VOCs, in particular, have come under fire in recent years for their adverse effects on human and environmental health. VOCs easily evaporate and react with nitrogen oxides in the air when exposed to sunlight, off-gassing ozone and photochemicals into the air for years after the paint dries.
This has effects on localized air pollution levels and contributes to greenhouse gas emissions. It also seems to have a negative effect on the long-term health of the humans who regularly use paint.
A 2010 analysis in the journal Occupational and Environmental Medicine found that professional painters are 30 percent more likely to develop bladder cancer. A second 2010 study in Environmental Health Perspectives found painters to be at a significantly increased risk of lung cancer.
Many regulatory agencies and governments (the EPA, Environment and Climate Change Canada and the EU, for example) have mandated limits on VOC levels in products. Limits, of course, do not mean these chemicals have gone away.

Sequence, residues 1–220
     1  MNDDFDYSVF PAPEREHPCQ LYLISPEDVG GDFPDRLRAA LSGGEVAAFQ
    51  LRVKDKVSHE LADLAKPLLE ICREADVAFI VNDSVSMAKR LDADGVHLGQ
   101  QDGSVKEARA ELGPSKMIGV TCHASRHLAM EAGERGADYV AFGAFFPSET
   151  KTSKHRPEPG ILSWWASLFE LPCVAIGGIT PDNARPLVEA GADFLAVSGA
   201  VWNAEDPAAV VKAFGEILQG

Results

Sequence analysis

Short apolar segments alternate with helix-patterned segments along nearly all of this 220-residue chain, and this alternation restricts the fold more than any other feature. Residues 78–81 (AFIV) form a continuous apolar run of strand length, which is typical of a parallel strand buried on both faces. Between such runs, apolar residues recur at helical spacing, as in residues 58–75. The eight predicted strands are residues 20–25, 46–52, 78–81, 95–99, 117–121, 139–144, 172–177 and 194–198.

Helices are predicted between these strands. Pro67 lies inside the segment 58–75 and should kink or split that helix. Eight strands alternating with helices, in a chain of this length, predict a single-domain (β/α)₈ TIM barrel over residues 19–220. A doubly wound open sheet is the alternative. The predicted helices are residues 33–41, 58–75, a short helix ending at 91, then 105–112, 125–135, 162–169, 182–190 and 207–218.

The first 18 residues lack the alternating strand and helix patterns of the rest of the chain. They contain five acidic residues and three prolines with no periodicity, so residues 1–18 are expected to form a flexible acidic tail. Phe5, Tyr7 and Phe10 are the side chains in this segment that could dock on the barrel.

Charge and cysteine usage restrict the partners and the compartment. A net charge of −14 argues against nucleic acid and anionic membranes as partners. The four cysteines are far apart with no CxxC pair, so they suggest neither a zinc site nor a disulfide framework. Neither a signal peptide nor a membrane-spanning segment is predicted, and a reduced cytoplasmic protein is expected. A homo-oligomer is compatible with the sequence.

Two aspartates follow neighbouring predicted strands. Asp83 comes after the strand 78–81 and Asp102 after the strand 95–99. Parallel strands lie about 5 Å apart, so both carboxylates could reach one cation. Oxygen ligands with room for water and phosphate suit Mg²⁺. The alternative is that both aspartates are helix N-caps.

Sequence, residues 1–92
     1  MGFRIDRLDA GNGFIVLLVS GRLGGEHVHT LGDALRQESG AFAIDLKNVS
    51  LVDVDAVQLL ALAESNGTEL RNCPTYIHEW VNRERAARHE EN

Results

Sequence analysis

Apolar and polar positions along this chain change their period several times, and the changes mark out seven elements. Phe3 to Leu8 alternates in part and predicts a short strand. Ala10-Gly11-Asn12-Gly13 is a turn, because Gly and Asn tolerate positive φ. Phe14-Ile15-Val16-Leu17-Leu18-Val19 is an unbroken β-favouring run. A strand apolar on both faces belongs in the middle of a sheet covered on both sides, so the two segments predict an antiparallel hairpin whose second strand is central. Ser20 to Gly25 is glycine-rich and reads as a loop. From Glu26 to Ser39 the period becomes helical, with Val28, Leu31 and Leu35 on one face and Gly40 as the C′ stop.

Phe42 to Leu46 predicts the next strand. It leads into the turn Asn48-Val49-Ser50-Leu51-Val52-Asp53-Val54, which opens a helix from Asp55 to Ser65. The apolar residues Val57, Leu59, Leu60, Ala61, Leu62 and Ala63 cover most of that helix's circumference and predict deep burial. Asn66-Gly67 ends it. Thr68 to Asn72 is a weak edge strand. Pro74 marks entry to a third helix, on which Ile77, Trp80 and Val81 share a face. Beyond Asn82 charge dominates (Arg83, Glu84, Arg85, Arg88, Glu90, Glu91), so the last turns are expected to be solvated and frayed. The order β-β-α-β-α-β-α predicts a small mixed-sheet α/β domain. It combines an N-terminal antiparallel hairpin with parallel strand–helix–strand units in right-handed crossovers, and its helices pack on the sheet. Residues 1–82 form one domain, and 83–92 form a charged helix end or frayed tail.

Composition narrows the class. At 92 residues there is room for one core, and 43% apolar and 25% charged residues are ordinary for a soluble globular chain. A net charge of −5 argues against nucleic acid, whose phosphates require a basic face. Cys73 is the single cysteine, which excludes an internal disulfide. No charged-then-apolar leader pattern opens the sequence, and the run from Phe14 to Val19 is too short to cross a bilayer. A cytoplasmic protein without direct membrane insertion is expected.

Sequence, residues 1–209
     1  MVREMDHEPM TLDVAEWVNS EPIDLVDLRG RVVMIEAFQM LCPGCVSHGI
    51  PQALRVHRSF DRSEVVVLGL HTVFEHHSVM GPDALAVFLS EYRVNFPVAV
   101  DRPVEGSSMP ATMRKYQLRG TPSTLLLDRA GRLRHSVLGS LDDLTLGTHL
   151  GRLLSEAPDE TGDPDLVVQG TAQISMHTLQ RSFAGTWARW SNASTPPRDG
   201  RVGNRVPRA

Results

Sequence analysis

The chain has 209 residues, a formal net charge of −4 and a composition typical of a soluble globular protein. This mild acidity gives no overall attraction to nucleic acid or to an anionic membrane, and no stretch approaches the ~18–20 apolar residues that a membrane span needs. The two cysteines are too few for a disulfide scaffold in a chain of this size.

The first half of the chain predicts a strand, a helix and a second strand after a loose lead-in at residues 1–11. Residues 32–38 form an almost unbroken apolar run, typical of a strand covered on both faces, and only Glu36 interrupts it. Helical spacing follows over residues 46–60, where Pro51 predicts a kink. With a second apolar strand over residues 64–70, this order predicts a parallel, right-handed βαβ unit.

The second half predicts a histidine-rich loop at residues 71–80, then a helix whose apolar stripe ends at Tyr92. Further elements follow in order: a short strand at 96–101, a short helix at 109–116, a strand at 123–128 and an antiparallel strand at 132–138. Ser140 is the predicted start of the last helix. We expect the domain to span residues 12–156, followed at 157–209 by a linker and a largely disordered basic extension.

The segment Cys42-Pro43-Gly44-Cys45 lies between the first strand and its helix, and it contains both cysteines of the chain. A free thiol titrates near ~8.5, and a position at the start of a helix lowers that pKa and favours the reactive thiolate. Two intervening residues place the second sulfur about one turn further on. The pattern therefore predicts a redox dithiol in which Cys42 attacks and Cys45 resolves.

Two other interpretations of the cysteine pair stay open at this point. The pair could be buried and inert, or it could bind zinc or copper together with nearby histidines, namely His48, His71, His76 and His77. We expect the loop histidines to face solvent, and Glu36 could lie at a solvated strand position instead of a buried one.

We don’t really even need research to tell us that paint isn’t great for us, though. Not opening sufficient windows when we paint tells us that paint can lead to dizziness; eye, nose and skin irritation; headaches and nausea, all of which are signs of exposure to toxins. These signs tend to worsen if the person painting suffers from asthma or other lung-related illnesses, or if children are exposed.
That sobering account, however, does not update your kitchen and unless you want to start a trend in tapestries, you need some sustainable paint choices.